During the five-year integrated program, residents will first complete one year of internship under the direction of Department of Urology, which includes six months of general surgery and six months of urology. In the following four years, the resident is exposed to all urologic disciplines and provided with a graduated level of responsibility for the medical and operative management of patients.
Rotations are structured in a preceptorship model, allowing the resident to be in regular contact with one of the teaching staff urologists and exposed to one discipline of urology at a time.
This helps the learner to solidify their understanding of the “practice” of urology and hone their surgical skill set through repetition.
Each rotation is on average two months. Residents rotate multiple times on each of the various services throughout their five years.
Penn State College of Medicine and Penn State Health promote an environment of inquiry, and all residents are expected to participate in scholarly activity during their fellowship training.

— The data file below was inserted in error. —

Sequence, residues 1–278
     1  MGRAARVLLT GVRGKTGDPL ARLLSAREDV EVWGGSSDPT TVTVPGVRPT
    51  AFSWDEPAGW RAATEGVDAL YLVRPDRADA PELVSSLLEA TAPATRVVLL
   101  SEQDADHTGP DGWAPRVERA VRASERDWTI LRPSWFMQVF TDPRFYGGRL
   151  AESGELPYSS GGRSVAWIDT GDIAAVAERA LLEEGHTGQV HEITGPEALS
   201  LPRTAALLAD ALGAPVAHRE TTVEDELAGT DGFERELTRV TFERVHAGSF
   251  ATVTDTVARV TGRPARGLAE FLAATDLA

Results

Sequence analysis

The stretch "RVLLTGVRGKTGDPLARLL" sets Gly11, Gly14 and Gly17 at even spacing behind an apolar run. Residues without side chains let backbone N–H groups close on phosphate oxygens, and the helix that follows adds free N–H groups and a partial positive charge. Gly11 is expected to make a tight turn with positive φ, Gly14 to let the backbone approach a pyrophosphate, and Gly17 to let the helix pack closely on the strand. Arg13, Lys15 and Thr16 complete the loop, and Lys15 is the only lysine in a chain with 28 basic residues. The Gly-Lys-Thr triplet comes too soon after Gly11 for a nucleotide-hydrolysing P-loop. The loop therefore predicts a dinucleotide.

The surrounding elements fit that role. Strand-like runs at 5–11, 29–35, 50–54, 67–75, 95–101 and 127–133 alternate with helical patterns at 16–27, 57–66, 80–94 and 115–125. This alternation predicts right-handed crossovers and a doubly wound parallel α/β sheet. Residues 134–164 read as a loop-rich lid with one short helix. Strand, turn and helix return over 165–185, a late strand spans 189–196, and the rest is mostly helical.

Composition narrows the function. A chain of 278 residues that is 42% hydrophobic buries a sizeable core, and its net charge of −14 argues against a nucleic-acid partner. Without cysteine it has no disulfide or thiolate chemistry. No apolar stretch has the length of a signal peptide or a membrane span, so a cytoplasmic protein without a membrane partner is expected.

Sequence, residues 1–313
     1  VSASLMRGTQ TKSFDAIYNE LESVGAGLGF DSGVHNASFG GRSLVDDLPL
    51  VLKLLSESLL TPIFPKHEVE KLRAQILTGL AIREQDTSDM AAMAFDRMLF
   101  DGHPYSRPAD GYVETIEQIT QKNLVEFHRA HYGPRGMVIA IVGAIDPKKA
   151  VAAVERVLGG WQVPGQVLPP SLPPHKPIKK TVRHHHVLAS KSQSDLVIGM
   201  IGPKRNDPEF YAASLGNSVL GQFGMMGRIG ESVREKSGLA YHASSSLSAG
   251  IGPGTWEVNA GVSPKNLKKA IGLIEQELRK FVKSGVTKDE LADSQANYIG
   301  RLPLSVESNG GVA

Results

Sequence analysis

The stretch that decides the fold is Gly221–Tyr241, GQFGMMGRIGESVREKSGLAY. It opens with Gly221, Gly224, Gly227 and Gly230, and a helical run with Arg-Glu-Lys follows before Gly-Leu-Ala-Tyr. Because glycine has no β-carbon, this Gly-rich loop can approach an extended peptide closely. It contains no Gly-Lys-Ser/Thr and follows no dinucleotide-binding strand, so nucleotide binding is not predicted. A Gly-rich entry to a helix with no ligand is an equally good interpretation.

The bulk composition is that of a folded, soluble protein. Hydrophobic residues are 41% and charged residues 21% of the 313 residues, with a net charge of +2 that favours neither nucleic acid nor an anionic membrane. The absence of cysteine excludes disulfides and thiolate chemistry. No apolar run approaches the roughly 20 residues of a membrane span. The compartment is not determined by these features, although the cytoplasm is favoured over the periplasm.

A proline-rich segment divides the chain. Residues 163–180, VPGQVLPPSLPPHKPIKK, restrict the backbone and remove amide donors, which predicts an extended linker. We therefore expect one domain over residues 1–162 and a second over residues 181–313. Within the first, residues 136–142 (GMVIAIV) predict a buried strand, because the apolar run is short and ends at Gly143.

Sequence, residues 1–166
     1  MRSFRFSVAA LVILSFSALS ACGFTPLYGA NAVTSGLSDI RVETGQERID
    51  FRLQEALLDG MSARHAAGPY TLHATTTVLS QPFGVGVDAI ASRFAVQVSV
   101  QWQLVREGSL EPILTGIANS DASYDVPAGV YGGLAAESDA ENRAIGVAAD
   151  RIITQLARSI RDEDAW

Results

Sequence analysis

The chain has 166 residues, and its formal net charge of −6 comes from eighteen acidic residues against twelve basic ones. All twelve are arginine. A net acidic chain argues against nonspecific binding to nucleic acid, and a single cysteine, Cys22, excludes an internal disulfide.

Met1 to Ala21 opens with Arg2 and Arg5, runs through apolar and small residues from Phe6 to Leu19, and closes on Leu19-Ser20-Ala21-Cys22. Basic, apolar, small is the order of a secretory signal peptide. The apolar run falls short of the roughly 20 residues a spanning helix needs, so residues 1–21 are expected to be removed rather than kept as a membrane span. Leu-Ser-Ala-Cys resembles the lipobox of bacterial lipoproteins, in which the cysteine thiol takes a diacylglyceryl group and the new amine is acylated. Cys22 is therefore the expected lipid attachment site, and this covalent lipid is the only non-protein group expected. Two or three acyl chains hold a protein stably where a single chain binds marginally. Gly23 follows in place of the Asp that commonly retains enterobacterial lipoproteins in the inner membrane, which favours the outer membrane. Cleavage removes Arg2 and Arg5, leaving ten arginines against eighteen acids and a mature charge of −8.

Given the diverse interests of the faculty, the program has the ability to support scholarly interest in many areas, including basic science, clinical trials, outcomes research and medical education, and across all subspecialties of urology.
The Department of Urology benefits from robust research support, which includes two dedicated clinical research assistants and support for grants and IRB applications, industry-sponsored clinical trials, quality improvement initiatives, statistical analysis and observational research.
Residents are financially supported to travel and present research at regional and national meetings, and the program regularly has a robust showing of residents attending the Mid-Atlantic Section of the AUA and the AUA annual meetings, among others.